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Aureus Medical shares information on how travel nurses can talk to patients about substance abuse

Omaha, NE (February 11, 2016) - Drug and alcohol abuse is a prevalent issue across many age groups, which means any healthcare worker, including a travel nurse, might encounter patients battling addictions at some point in his or her career. In fact, according to the National Institutes of Health, 9.3 percent of individuals ages 12 and older needed substance abuse treatment in 2009, which is equivalent to about 23.5 million people.

The Partnership for Drug-Free Kids explained that the International Nurses Society on Addictions wants to encourage more of these healthcare professionals to talk to patients about substance abuse. Nurses can naturally go about creating a discussion about substance abuse in a manner that coincides with the IntNSA-approved method – Screening, Brief Intervention and Referral for Treatment (SBIRT).

Here is how travel nurses can better utilize SBIRT:

Conduct a quick drug and alcohol screening
The Substance Abuse and Mental Health Services Administration explained that the screening process should serve as a means to determine the severity of the abuse and potential treatment options. Nurses can use a combination of professionalism and compassion when asking these questions, as they are generally intense by nature. However, the main purpose is to get an honest and comprehensive answer from patients.

The National Institutes of Health advised healthcare professionals ask the following questions:

  • How many alcoholic drinks do you consume per day or week?
  • Are you taking prescription drugs for nonmedical reasons?
  • Are you using illegal drugs?

Many adults drink alcohol, and doing so in moderation isn't necessarily a cause for concern. As such, it's important to evaluate patient behaviors against a margin. Of course, people should never use prescription drugs for nonmedical reasons, but acceptable alcohol use has more flexibility.

According to the National Institutes of Health, consuming three alcohol beverages in a day and seven or less in a week constitutes as low-risk drinking for women. Men, on the other hand, can consume four alcoholic drinks per day and no more than 14 each week to remain in the low-risk zone. Meanwhile, nurses can categorize heavy drinking habits if patients consume five or more drinks on a single occasion.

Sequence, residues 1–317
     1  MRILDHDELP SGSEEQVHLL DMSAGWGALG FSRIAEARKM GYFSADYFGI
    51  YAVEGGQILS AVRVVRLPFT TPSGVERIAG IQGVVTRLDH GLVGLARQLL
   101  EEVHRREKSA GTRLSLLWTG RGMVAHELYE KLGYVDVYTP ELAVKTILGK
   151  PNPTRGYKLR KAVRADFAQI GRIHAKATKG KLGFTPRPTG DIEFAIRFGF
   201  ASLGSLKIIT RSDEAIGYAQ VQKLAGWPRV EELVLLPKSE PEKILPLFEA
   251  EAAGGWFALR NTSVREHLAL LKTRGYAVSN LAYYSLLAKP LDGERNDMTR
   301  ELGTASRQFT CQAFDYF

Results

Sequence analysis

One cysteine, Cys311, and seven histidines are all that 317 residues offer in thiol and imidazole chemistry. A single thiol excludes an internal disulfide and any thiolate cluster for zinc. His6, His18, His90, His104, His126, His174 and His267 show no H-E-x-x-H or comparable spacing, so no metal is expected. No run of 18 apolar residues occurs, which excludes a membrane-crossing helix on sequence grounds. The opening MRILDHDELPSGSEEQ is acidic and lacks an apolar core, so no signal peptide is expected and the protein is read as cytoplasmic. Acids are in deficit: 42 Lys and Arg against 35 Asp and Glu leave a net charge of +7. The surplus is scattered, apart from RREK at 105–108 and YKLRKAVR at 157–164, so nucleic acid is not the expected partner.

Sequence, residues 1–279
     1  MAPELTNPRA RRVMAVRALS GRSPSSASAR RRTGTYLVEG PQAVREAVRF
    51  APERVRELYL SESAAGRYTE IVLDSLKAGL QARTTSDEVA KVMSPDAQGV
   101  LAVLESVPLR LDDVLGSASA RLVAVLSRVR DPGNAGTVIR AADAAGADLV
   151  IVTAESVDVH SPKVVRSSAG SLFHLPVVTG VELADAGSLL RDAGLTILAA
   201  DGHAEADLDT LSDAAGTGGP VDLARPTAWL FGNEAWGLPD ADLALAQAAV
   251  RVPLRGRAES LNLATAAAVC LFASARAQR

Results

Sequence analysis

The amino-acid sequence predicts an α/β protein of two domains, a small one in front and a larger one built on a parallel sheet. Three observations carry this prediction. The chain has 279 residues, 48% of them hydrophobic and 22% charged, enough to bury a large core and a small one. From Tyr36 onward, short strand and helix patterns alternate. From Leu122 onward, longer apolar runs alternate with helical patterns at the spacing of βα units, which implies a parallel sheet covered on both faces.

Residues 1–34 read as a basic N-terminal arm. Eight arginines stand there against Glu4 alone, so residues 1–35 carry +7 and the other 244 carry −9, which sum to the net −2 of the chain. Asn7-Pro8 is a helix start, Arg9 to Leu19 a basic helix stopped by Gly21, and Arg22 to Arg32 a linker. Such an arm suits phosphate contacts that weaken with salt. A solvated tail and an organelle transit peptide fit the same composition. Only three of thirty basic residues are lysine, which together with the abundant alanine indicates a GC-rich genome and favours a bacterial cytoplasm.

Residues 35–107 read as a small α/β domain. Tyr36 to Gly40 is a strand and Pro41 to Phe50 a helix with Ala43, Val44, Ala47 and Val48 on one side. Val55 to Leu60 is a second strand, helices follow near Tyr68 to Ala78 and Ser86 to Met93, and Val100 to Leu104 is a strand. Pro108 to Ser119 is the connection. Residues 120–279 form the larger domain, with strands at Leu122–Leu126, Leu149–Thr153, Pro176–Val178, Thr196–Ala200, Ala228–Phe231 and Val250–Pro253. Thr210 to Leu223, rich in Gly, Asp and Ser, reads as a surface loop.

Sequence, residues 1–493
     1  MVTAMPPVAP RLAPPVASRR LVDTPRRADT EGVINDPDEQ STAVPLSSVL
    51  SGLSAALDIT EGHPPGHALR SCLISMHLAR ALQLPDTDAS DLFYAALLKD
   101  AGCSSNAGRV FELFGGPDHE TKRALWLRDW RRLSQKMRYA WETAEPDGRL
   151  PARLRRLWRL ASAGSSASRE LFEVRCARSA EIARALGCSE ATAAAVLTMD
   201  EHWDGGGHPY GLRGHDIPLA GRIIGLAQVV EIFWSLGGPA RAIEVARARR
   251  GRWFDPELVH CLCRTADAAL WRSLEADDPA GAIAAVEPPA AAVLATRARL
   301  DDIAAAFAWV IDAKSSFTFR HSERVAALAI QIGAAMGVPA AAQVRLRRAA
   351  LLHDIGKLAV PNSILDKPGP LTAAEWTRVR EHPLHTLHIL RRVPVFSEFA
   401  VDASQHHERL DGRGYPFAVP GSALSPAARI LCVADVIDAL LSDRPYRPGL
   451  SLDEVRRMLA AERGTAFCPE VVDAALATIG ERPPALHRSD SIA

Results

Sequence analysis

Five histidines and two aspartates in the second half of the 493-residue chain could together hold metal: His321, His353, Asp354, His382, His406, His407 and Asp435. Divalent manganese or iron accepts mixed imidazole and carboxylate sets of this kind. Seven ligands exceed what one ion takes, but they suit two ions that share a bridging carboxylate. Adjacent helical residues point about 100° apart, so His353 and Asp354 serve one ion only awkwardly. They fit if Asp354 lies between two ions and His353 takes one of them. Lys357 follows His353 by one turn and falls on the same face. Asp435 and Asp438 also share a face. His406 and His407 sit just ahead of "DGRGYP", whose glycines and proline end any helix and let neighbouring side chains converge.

Even for low-risk drinkers, nurses may want to ask follow-up questions about their habits. For instance, does the person frequently drive home from the bar? Has the individual injured him or herself while intoxicated? Is the patient pregnant? These questions can help healthcare professionals better understand the scope of the problem if it exists.

Read the full article for more on travel nurses utilizing SBIRT.

About Aureus Medical Group:

Aureus Medical Group is a national leader in healthcare staffing specializing in the successful placement of Nursing, Advanced Practice, Cardiopulmonary, Diagnostic Imaging, Medical Laboratory, Neurodiagnostics, Radiation Oncology, and Rehabilitation Therapy professionals, as well as Physicians, in hospitals and medical facilities nationwide.  With more than 30 years of experience, Aureus Medical offers a full range of staffing options, including national contract (travel), local contract, and direct hire.  Aureus Medical is the largest affiliate of Omaha-based C&A Industries, a leading provider of human capital management solutions for more than 45 years.